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Trump and Obrador share a mutual friend: former New York mayor Rudolf Giuliani. In 2000, Obrador won the election for mayor of Mexico City with a campaign full of anti-American rhetoric. He specifically criticized Giuliani’s approach to crime. Once in office, mayor Obrador invited Giuliani to save Mexico City. Obrador hired Giuliani for US$4.3 million. The contract was the first international consulting deal for Giuliani Partners. After leaving office, Obrador resumed his nationalistic rhetoric. He is trying to present himself as Trump’s fiercest critic. Obrador’s friend and associate Rudolf Giuliani is now one of Trump’s top advisers.

The most anti-American candidate

Andrés Manuel López Obrador, one of the leading candidates for Mexico presidency, casts himself as the most anti-American politician. He has been using Donald Trump’s anti-Mexico rhetoric to boost his candidacy. In March 2017, he filed a complaint with the Inter-Americn Commision on Human Rights against the US President. In June, he published a book titled “Oye Trump” (“Listen, Trump”) about his anti-Trump tour in the United States.

In politics since early 80s, twice a gubernatorial candidate in Tabasco and twice a presidential candidate, Lopez Obrador has spent most of his career in opposition. And, as an opposition politician, he has been a sharp critic of the United States.

However, in 2000, Obrador won an election and became mayor of Mexico City. As a mayoral candidate, Obrador ratched his anti-American rhetoric up. More precisely, he criticized New York City Mayor Rudolf Giuliani’s “zero tolerance” policy for promoting police abuse and human rights violations. Obrador argued against importing a similar model to Mexico City.

The most pro-American mayor

Lopez Obrador, at the time a member of the PRD (Partido de la Revolucion Democratica), came to the mayoralty as a populist who promised to eradicate crime. But the ideas he came up with on his own were totally ridiculous. In December 2000, he slashed traffic fines by 50 percent and ordered police to overlook violations like parking on crosswalks or double-parking. Then, he dressed up mounted policemen in traditional mariachi costumes.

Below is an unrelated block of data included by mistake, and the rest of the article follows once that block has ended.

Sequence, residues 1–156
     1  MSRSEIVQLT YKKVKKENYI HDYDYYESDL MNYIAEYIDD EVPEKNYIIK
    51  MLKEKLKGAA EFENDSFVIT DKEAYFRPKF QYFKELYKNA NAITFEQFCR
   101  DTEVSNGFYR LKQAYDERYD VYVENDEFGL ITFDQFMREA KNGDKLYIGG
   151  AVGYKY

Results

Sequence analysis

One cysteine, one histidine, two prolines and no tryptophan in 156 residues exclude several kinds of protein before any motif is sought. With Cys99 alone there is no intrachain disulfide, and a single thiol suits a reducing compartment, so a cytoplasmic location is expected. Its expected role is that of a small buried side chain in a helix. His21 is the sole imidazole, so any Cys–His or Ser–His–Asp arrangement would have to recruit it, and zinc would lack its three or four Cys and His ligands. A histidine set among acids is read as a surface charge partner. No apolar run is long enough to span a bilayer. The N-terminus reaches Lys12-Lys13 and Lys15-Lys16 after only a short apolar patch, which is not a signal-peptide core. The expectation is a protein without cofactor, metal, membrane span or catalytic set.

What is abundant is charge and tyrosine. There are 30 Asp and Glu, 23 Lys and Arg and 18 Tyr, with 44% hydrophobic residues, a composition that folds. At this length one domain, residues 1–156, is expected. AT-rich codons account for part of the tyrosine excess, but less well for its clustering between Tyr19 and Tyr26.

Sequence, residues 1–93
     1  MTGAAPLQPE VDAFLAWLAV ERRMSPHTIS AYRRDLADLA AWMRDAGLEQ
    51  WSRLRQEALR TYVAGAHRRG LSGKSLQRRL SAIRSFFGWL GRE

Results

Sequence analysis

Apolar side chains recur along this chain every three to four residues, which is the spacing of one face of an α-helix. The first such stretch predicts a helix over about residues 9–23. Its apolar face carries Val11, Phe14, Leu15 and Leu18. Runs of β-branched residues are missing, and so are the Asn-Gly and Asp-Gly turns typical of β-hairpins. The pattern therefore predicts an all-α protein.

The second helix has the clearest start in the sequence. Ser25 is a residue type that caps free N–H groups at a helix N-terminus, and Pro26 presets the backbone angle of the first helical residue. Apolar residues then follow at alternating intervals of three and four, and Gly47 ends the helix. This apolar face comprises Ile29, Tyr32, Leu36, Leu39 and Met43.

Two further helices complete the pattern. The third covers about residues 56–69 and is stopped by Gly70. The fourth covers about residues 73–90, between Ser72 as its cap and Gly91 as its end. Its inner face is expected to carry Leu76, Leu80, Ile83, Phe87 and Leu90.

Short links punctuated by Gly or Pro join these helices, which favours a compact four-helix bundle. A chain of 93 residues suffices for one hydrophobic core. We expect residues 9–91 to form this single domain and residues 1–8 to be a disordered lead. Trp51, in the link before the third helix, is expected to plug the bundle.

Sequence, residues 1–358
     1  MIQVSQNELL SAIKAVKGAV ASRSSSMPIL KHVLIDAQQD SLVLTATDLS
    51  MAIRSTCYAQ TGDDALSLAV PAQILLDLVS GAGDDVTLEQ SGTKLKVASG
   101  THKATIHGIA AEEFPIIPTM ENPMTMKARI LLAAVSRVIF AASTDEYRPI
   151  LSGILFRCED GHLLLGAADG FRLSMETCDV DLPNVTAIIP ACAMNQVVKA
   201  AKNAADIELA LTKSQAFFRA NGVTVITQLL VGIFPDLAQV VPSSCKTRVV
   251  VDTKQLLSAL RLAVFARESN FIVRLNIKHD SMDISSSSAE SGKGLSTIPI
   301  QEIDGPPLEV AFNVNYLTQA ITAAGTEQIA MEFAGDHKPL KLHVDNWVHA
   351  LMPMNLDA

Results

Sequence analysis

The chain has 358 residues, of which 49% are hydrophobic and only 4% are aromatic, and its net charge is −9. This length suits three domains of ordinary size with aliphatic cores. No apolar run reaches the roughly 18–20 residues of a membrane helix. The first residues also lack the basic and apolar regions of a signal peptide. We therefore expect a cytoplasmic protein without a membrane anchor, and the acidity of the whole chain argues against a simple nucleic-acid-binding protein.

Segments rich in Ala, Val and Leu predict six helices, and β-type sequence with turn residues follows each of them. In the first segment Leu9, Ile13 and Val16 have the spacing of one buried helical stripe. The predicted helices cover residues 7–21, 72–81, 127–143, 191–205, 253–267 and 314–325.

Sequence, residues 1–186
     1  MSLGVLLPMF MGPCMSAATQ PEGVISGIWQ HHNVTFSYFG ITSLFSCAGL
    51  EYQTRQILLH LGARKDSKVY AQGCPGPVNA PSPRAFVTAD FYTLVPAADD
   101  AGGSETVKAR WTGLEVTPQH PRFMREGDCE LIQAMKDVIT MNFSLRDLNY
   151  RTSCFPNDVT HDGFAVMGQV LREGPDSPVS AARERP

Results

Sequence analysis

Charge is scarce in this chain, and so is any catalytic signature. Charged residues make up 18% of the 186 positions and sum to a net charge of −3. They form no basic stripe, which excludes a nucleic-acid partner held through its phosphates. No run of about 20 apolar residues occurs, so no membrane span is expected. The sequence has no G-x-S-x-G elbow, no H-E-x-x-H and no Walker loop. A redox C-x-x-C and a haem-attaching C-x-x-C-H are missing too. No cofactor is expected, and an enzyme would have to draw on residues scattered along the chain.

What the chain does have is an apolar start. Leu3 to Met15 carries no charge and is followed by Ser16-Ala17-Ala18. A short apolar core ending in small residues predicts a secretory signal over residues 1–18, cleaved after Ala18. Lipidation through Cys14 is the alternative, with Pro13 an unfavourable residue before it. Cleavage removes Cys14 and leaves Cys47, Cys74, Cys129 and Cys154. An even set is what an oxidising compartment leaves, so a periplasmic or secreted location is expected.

In only a couple of months, the nationalist failed. The patriotic mayor of Mexico City decided to hire an American to manage the city’s crime problems. And not any American, but exactly the one he criticized during the election campaign: the right-wing conservative Rudolf Giuliani.

On 10 October 2002, mayor Lopez Obrador ceremoniously announced that former New York City mayor Rudolph Giuliani has been hired to help rid Mexico City of kidnappings, robberies, murders and police corruption. Giuliani’s firm, Giuliani Partners, was supposed to advise Obrador on the implementation of the plan called “zero tolerance”, the idea that no crime is too small to be prosecuted.

US$4.3 million for a newly established American consultancy

The same day, Giuliani held a press conference in New York. He said he was confident of overcoming the Mexico capital’s problems because “the similarities between what Mexico City faces today and what New York City faced in the late 80s and early 90s are striking”. Giuliani promised results in six months.

Giuliani had plenty of reasons to be pleased with Lopez Obrador’s offer. Giuliani Partners was new on the consultancy market. The former New York mayor formed his consulting firm in January 2002, one month after leaving office. Lopez Obrador arranged the first international job for Giuliani’s company.

And it was a very profitable contract. Lopez Obrador paid Giuliani US$4.3 million a year.

Trump and Obrador share a mutual and trusted friend

Hiring Giuliani’s firm was the idea of Mayor Lopez Obrador. It was him who was responsible for contacting Giuliani in the first place. And, although the working relationship effectively ended in August of 2003, they established a strong personal relationship: Obrador met regularly with Giuliani.

Lopez Obrador resigned as Mexico City mayor in July 2006 to run for president. He immediately resumed his nationalistic rhetoric. In June 2012, when Enrique Peña Nieto appointed the former chief of Colombia’s national police, General Oscar Naranjo, to work as an “external advisor” for public security, Lopez Obrador said bringing in Naranjo would violate Mexico’s Constitution.

As for Obrador’s friend, Rudolf Giuliani, he was one of Donald Trump’s main surrogates during the US presidential campaign. In November 2016, president-elect Donald Trump considered nominating Giuliani as his secretary of state. It was at that point that Giuliani’s relationship with Obrador emerged as a major issue. His foreign contracts, especially the financial dealings with Lopez Obrador, were identified as potential conflicts of interests.

His relationship with Obrador cost Giuliani his nomination. However he remained very close to Donald Trump and his administration. In January 2017, Giuliani was named a top adviser on cybersecurity to President Trump. Obrador’s associate was described as “a trusted friend” in a brief statement from the incoming Trump administration.

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